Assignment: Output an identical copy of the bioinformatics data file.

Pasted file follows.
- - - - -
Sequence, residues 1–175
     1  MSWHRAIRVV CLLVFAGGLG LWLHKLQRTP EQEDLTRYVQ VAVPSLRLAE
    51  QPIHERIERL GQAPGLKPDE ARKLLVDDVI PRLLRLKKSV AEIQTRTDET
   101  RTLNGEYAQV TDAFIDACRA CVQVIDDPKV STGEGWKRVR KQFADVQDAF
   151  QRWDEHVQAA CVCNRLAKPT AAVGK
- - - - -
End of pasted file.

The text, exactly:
Sequence, residues 1–175
     1  MSWHRAIRVV CLLVFAGGLG LWLHKLQRTP EQEDLTRYVQ VAVPSLRLAE
    51  QPIHERIERL GQAPGLKPDE ARKLLVDDVI PRLLRLKKSV AEIQTRTDET
   101  RTLNGEYAQV TDAFIDACRA CVQVIDDPKV STGEGWKRVR KQFADVQDAF
   151  QRWDEHVQAA CVCNRLAKPT AAVGK